President Bush's grand ambition to halt terrorism in the Middle East and inspire democracy there is under challenge in Iraq, Iran and the Palestinian territories. It may not seem the opportune moment for the administration to take on an urgent new task in the region. But it is.
The task is to squeeze Syria into ending its oppressive, decades-long control over Lebanon. Helping that small, part-Muslim, part-Christian, Arab state escape Syrian hegemony and establish an independent democracy would put flesh on the bones of Bush's visionary commitment to transform the Middle East over the next generation.
At a time when success seems distant on the bigger regional challenges, the moment is ripe for concerted international diplomatic pressure on the sclerotic Baathist regime in Damascus. President Bashar Assad's government also invites scrutiny and measured retaliation by its mischief-making along the Iraqi frontier and its support of terrorist groups.
Syria's influence in the region and the world has diminished significantly since Assad succeeded his dictatorial but astute father, the late Hafez Assad, in 2000. Assad the son has disappointed would-be Western patrons such as French President Jacques Chirac by not being able to impose new approaches or personnel on a faltering but implacable old guard.
Assad the father was careful to keep accounts balanced with Washington and Paris, giving the impression of movement on peace with Israel or offering other advantages -- when he had to -- in return for a free hand in Lebanon. The successor Syrian regime does not bother with such niceties. It asserts control over Lebanon in a blatant, offensive manner that suggests an uncharacteristic unsteadiness in power in Damascus.
More than a quarter-century after Syrian troops entered Lebanon "temporarily" to end the civil war and restore order, they remain as living proof of Napoleon's contention that nothing endures quite as long as the temporary. The occupation, originally encouraged by the Ford administration and other Western governments, has long since outlived any utility to anyone except the Syrian warlords and politicians who profit from it.
This time-warp quality may help explain the shrill Syrian reaction to an innovative joint U.S.-French initiative in the U.N. Security Council, which on Sept. 2 called on Syria (although not by name) to withdraw the roughly 20,000 troops it has in Lebanon and to stop meddling in Lebanon's politics. The vote on Security Council Resolution 1559 was 9 to 0, with six abstentions, including Russia, China and Algeria.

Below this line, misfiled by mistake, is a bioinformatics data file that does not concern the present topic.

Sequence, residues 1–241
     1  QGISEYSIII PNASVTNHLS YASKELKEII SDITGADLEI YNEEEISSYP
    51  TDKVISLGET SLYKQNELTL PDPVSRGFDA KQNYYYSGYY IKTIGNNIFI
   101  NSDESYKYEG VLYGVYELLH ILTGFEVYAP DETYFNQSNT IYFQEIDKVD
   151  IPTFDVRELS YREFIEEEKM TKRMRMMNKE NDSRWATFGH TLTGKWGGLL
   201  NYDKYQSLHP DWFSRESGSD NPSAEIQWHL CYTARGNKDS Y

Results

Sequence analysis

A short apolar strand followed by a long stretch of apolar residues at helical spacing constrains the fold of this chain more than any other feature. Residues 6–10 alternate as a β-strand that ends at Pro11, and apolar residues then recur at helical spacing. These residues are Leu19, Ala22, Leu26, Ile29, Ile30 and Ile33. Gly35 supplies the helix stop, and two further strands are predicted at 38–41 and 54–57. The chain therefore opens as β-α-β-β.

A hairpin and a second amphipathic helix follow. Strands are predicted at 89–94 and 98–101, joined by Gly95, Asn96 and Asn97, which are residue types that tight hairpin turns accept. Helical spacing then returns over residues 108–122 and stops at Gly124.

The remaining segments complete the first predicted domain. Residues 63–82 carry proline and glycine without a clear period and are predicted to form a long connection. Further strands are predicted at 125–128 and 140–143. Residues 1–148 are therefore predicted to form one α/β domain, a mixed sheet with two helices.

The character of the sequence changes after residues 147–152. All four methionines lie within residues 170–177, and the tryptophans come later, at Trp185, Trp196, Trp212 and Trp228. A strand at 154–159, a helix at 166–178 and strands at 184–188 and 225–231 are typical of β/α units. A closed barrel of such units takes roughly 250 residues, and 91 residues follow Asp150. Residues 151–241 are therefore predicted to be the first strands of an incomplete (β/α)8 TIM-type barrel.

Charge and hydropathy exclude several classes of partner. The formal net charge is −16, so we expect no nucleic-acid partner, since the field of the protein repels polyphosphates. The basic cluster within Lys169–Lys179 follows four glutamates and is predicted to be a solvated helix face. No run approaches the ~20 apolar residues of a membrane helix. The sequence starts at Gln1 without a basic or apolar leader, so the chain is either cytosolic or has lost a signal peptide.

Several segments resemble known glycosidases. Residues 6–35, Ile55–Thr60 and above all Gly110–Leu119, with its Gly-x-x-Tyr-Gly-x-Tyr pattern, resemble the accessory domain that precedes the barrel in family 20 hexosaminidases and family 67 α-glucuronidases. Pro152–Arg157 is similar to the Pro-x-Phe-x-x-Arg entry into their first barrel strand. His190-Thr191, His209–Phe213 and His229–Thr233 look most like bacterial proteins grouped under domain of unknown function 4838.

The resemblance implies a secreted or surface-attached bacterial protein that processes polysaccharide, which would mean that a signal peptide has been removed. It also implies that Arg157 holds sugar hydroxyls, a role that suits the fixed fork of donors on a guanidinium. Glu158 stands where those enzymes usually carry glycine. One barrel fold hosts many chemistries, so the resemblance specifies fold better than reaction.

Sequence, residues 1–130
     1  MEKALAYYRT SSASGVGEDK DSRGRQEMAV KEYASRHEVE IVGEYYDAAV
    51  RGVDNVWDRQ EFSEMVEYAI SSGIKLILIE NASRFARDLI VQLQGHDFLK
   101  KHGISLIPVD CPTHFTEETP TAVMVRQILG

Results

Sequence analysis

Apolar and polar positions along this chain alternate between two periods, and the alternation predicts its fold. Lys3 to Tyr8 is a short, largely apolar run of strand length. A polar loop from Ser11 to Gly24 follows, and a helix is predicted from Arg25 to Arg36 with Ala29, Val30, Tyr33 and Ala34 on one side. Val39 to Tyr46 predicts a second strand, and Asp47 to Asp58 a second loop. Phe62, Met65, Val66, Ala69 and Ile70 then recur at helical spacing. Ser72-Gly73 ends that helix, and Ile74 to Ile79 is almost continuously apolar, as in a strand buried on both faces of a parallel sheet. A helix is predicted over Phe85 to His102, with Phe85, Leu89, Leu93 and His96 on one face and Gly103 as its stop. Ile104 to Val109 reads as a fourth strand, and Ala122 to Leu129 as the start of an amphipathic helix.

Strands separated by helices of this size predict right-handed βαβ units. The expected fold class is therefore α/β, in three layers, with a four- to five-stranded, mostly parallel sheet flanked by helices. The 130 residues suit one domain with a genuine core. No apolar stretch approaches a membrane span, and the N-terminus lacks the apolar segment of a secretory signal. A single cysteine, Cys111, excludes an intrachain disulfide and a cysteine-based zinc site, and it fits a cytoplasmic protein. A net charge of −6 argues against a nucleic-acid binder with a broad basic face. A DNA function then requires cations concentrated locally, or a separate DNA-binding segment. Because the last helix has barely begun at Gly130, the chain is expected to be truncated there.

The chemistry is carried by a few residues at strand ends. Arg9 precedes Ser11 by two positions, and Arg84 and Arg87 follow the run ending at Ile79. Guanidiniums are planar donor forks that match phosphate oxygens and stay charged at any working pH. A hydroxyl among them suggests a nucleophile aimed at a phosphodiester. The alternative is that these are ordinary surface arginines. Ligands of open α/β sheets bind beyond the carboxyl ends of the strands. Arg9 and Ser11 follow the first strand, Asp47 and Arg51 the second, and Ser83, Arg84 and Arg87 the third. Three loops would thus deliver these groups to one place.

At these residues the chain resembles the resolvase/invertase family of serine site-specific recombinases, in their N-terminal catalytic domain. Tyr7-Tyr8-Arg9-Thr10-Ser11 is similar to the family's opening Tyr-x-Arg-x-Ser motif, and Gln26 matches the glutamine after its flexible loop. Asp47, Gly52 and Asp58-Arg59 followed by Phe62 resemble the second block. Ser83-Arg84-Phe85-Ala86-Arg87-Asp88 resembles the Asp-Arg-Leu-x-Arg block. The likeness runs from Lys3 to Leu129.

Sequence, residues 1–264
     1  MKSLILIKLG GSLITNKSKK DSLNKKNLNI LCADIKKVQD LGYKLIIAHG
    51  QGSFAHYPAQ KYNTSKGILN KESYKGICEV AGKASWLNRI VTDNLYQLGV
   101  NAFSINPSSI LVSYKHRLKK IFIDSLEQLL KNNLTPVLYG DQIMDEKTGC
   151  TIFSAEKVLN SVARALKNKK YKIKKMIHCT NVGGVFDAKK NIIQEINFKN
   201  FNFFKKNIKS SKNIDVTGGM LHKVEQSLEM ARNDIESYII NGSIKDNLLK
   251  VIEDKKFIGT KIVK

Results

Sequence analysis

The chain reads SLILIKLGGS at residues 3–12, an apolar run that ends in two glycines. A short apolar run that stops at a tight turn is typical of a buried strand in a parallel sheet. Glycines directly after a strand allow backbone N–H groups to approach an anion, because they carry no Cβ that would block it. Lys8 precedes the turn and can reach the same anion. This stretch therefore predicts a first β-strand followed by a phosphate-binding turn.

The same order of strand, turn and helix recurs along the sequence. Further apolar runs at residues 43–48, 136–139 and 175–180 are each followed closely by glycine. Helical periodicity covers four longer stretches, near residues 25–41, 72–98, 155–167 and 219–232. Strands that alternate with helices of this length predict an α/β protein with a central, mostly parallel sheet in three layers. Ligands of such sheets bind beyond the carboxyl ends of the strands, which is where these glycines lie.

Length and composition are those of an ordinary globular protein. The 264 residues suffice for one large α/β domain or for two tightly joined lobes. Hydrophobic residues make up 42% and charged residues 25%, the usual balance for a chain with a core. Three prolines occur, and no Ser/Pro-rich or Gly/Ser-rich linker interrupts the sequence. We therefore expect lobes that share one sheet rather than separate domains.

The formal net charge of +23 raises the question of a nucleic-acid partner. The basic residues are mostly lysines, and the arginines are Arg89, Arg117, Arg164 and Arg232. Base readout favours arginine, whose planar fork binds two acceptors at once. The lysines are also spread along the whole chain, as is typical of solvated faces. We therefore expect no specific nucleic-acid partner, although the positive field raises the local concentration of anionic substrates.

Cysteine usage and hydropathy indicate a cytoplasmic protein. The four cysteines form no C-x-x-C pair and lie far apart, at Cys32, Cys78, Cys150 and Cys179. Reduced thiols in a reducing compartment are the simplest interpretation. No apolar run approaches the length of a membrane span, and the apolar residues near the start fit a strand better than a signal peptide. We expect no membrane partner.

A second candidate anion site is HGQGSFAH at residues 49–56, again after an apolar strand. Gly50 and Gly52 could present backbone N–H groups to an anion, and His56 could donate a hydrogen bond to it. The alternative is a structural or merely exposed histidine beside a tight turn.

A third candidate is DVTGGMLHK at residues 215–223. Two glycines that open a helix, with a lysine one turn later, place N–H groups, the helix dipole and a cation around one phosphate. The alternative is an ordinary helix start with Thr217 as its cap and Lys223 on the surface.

This was a significant vote by a body that is usually the forum for angry accusations from Arab governments charging Israel with refusing to observe Security Council resolutions on the Middle East. For the second time this summer -- Sudan was first -- an Arab government wound up clearly on the wrong side of a Security Council vote, this time on a matter involving military occupation.
The resolution was triggered by Assad's open maneuvering in August to get the parliament in Beirut to ignore the Lebanese constitution and extend the six-year presidential term of his trusted ally, Emile Lahoud, for three more years. Caught red-handed, Assad responded not with embarrassment or shame but with a damaging show of defiance.
He immediately summoned Lebanon's parliamentary leaders to Damascus and instructed them to change the constitution and extend Lahoud's term -- within 24 hours. Wanting to continue to live, they did as they were told. The Syrians also let it be known that they would increase the number of their troops in Lebanon to 40,000 by the end of the year. So much for the collective will of the international community.
The Bush administration followed up on the Security Council action by dispatching Assistant Secretary of State Bill Burns to Damascus. After meeting with Assad, Burns told reporters that he had emphasized that "Syria must end its interference in Lebanese internal affairs. . . . What is essential now is genuine progress, not rhetoric."
Hafez Assad, who transfixed four U.S. presidents and more secretaries of state (as well as journalists) with his steely, taciturn control of meetings, will be turning in his grave at the thought of his son's being dressed down by an American foreign service officer. Burns may have just done more to destabilize the regime in Damascus than the CIA, Defense Intelligence Agency and Britain's MI-6 combined.
Pursuing this initiative on Lebanon with energy and determination could breathe new life into Bush's Greater Middle East Initiative, which has stalled since being adopted at the Group of Eight summit in June. In the shadow of the violent challenges in Iraq and elsewhere, Washington does well not to lose sight of tiny but resourceful Lebanon and overbearing, overreaching Syria.